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Econ Grapher currently publishes the Econ Grapher blog. He previously worked in markets, trading, investment management, and corporate strategy. He has also set up two internet research businesses in stock research and economic research.
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  • Top 5 Graphs of the Week: EU inflation, Commodities, Japan GDP
    This week we take a look at some inflation numbers from the EU and UK, and while on the topic have a check in on commodity prices. Then we review the latest GDP numbers from Japan, before finishing up with a check in on global monetary policy.

    1. EU Inflation
    The EU saw a continued spike in inflation, with Euro Area annual inflation at 2.8%, vs 2.7% in March (1.5% in April 2010), while EU annual inflation rose to 3.2% vs 3.1% in March (2.0% in April 2010). Meanwhile Euro Area Core inflation was perhaps the most remarkable, rising to 1.6% in April, from 1.3% in March, and just 0.8% in April 2010. The highest rate of inflation was seen in Romania (8.4%), followed by Estonia (5.4%); while the lowest rate of inflation was recorded in Switzerland at just 0.1%, followed by Norway with 1.3%. While there is a degree of divergence in results, inflation is broadly creeping upwards in the Euro Zone and Core inflation is fast approaching the ECB inflation target.

    2. UK Inflation
    Over in the UK, a similar theme of rising inflation was seen with April annual consumer price inflation of 4.5%, up from 4.0% in March, and 4.0% in April 2010. The spike in inflation in the UK has caused some to speculate on a sharp rise in interest rates from the Bank of England, with inflation still well above its official inflation target. However the Bank of England, by and large, is not particularly set on aggressive tightening, particularly when the UK economy is still struggling along in recovery mode. The most likely policy path will be a steady path of rate increases, perhaps commencing later this year, depending on how the broader economy fares.

    3. Commodities
    On a rolling 12 month return basis, the latest data shows commodities were up 35.6% as measured by the Reuters/Jefferies commodity index. On a rolling monthly basis though the figure was -6.6% driven by a sell-off in a few commodities, particularly Silver. Commodity prices continue to be the key variable for 2011, as rising prices have catalyzed uprisings and social unrest, driven surging inflation in emerging markets, and have begun to have an increasing impact on inflation in developed markets. There's also the growth risks that high commodity prices present. But commodities are probably a good example of mean reversion in practice as high prices generally lead to a supply response, thus prices shouldn't be able to run up too high for too long unless structural changes have taken place in the global economy.

    4. Japan GDP
    Japan had a disappointing Q1 GDP figure, with GDP declining -0.9% on a quarterly basis (annualised -3.7%) , compared to -0.8% in Q4 2010, while Q1 2010 was 2.2%. On an annual basis this mean contraction of -0.7%, compared to 2.4% in Q4 2010, and 5.5% in Q1 2010. Much of the negative results can be explained by the impact of the earthquake as the disaster weighed heavily on private consumption and caused supply chain disruption impacting on net exports, and general uncertainty limiting capital spending. As with most large scale disasters the economic pattern is a short-term hit, but a medium term spike. So, provided the Japanese government can manage the process well, the rebuilding phase should help Japan's economy return to growth later this year, with 2012 likely to see much stronger economic activity levels.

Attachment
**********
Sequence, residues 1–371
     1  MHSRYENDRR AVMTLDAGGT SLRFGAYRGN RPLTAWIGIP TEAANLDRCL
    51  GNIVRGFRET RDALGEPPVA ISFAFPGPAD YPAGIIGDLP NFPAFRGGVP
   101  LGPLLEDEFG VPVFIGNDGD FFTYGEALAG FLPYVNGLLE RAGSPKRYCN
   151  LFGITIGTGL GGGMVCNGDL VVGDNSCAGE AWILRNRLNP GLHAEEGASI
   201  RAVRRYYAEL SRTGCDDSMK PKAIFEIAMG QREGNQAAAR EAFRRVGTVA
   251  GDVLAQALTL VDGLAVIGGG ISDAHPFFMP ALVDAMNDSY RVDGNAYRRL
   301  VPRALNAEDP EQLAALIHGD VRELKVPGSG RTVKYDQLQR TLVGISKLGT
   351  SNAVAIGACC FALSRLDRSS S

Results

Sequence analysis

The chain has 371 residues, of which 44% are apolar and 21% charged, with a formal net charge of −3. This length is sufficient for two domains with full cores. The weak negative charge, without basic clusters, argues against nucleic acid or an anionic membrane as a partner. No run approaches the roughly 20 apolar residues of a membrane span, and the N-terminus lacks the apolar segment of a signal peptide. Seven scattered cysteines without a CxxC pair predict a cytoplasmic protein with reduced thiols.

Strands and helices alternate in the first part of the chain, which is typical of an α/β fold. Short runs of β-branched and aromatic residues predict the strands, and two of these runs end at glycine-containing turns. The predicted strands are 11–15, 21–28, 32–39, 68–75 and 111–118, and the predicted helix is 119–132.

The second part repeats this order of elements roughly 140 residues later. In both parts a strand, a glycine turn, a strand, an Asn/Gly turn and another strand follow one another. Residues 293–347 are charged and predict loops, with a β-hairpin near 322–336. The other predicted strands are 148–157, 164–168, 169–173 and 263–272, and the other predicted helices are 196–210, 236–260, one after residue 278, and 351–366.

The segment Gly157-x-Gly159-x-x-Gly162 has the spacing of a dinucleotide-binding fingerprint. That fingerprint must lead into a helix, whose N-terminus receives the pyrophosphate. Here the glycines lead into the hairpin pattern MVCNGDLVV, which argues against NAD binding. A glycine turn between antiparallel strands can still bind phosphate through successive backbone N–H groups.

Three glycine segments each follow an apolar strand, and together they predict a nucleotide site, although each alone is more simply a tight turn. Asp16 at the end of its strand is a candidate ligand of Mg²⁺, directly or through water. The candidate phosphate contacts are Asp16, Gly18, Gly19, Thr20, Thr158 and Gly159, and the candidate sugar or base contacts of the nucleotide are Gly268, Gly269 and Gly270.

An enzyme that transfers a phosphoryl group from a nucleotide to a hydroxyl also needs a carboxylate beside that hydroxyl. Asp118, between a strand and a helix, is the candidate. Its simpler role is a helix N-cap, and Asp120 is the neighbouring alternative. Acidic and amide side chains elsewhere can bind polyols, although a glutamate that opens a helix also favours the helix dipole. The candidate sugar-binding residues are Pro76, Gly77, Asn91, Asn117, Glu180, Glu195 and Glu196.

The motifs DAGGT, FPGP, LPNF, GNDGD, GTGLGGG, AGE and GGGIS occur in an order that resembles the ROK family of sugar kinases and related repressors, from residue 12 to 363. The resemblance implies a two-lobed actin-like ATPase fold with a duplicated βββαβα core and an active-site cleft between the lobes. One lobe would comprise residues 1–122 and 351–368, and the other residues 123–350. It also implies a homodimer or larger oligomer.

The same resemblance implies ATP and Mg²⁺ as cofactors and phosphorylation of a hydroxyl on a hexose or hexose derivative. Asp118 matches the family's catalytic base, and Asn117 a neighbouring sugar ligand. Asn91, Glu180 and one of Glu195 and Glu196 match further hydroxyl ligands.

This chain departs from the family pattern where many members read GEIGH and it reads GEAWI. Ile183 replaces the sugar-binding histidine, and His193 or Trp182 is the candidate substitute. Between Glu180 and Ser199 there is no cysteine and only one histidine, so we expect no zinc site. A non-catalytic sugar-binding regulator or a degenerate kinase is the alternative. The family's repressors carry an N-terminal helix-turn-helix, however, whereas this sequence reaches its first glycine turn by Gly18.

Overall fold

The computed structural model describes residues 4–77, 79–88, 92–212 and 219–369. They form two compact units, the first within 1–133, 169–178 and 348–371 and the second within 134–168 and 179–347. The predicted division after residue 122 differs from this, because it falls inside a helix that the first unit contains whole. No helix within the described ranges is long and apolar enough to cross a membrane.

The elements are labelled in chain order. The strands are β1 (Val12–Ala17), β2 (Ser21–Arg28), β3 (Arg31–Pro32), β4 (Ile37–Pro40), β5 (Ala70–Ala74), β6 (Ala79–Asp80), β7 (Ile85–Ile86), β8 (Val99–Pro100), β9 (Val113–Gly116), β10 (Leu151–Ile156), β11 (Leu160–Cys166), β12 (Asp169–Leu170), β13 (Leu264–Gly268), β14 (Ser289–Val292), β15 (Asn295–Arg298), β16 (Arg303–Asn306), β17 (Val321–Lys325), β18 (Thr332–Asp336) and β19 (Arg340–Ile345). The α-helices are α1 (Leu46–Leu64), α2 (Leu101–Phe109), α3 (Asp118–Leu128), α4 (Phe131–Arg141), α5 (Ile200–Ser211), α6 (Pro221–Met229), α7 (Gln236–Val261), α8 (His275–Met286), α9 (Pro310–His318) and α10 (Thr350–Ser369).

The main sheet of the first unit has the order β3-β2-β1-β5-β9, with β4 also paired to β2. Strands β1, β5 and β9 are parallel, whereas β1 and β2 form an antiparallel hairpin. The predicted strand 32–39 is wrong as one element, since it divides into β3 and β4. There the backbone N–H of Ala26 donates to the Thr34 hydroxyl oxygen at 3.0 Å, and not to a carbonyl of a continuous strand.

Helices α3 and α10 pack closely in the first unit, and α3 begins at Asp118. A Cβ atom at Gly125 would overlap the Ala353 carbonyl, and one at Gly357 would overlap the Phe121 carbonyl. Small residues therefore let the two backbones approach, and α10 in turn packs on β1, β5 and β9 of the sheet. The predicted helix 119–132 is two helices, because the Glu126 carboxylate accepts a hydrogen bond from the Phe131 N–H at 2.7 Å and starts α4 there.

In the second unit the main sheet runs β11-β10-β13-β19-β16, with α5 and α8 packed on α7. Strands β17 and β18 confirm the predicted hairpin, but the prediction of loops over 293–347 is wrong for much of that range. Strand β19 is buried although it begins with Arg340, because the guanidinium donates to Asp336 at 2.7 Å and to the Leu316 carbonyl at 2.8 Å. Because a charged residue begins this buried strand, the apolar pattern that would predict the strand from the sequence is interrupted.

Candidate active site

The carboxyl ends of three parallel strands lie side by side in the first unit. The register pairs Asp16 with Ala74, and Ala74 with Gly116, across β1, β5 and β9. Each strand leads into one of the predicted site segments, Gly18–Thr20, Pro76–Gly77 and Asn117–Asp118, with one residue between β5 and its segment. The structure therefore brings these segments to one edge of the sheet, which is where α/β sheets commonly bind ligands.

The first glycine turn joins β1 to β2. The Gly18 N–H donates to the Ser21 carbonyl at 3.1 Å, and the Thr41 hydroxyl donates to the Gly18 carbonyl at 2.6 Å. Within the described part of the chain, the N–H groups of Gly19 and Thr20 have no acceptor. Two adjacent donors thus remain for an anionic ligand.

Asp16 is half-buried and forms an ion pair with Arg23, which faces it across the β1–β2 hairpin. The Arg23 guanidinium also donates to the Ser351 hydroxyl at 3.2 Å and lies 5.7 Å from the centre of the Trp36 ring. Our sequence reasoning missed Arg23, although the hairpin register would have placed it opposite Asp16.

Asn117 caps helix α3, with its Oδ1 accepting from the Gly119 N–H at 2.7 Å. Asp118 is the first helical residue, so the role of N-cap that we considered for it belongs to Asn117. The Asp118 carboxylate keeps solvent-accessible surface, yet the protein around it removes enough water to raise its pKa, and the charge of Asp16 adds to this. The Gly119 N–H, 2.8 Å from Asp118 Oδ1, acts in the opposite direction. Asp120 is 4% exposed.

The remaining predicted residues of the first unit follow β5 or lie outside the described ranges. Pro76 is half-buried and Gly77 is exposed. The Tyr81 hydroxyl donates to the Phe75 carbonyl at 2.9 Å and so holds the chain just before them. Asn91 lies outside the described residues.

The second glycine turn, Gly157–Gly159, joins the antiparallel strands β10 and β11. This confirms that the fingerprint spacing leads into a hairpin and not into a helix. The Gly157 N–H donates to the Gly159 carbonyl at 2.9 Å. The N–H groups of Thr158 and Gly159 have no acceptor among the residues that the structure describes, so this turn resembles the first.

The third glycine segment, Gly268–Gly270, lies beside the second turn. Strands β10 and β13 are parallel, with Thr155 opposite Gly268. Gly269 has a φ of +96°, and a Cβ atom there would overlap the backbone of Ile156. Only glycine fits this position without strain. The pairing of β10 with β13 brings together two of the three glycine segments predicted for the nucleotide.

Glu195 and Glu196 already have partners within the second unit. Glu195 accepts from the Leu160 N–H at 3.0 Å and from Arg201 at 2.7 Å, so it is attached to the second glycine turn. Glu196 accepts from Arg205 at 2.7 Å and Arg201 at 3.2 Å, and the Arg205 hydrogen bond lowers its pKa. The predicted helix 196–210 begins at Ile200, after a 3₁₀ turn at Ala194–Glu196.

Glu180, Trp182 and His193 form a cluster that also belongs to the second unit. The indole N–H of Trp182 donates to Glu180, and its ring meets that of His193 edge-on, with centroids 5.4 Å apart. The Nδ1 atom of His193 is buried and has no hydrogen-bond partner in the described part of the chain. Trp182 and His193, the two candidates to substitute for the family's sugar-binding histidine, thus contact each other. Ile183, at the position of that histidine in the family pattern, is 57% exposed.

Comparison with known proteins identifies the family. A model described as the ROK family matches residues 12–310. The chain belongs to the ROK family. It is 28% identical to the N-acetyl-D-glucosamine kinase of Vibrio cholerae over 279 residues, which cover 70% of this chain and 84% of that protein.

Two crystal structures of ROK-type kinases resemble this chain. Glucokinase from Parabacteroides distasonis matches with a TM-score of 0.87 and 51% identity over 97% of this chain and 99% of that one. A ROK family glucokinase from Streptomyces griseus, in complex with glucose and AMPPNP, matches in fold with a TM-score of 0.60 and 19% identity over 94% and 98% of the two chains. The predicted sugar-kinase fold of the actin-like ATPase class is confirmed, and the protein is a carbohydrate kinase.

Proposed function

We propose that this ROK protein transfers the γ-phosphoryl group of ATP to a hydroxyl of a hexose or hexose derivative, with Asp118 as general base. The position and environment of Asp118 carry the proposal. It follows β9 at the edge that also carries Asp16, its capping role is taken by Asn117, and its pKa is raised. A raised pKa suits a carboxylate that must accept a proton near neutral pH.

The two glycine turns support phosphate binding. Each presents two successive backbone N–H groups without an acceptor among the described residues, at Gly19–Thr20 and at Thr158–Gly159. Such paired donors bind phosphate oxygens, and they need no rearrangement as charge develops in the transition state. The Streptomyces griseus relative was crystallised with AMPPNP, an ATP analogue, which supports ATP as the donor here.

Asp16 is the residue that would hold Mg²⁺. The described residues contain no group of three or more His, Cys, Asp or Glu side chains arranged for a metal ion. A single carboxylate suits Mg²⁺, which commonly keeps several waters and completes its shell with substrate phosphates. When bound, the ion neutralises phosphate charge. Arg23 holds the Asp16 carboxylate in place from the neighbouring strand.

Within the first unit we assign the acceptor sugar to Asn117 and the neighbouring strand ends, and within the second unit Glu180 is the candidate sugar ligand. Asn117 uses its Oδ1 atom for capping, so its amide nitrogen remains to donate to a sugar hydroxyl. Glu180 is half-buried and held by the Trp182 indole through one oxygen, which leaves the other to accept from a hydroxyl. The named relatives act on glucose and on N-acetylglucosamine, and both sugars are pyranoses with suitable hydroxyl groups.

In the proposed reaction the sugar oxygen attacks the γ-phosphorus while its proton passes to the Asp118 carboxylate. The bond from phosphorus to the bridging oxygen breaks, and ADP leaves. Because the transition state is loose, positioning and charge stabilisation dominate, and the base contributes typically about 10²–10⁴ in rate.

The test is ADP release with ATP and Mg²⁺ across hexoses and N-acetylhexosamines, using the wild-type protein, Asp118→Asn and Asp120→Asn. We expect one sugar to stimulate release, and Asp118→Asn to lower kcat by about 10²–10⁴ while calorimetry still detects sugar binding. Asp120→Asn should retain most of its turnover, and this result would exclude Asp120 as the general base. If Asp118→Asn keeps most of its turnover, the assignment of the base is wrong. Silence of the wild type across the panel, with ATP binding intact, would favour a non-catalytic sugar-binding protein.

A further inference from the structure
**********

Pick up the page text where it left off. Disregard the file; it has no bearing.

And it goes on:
5. Monetary Policy
    The past week in monetary policy was relatively quiet with only 5 central banks announcing monetary policy decisions, and of those, only 1 adjusting its policy stance. Vietnam was the only bank to adjust monetary policy settings; increasing its reverse repurchase rate by 100 basis points to 15.00%. Meanwhile those that held their monetary policy interest rates unchanged were: Serbia (12.50%), Hungary (6.00%), Sri Lanka (7.00%), and Japan (0.10%). So there was somewhat of a theme of emerging markets beginning to ease off on aggressive policy tightening (with the exception of Vietnam, which is still seeing rampant inflation) as some inflation pressures begin to ease, if not peak, and as the growth outlook comes to fore in terms of policy risk. Monetary policy, and by extension inflation, remains one of the key factors for the growth and financial market outlook in emerging markets this year.


    So we saw the pace of inflation beginning to show a more marked uptrend in the Euro Zone, which may well mean that the ECB's interest rate increase in April will likely be repeated in the near term. Meanwhile the UK also saw a continued high rate of inflation, but the Bank of England is still unlikely to budge as the UK economy is still on the go-slow. On a related topic, commodity prices saw surging 12-month returns in May, but with monthly returns diving into negative territory, perhaps heralding an easing in commodity prices over the medium term. In Japan, first quarter GDP results were disappointing, driven into negative territory by the disaster impact. On monetary policy, further signs of a peak in monetary policy tightening for emerging markets surfaced as the growth-inflation risk mix is becoming increasingly finely balanced.

    1. EuroStat
    2. National Statistics Office
    3. Jefferies
    4. OECD Statistics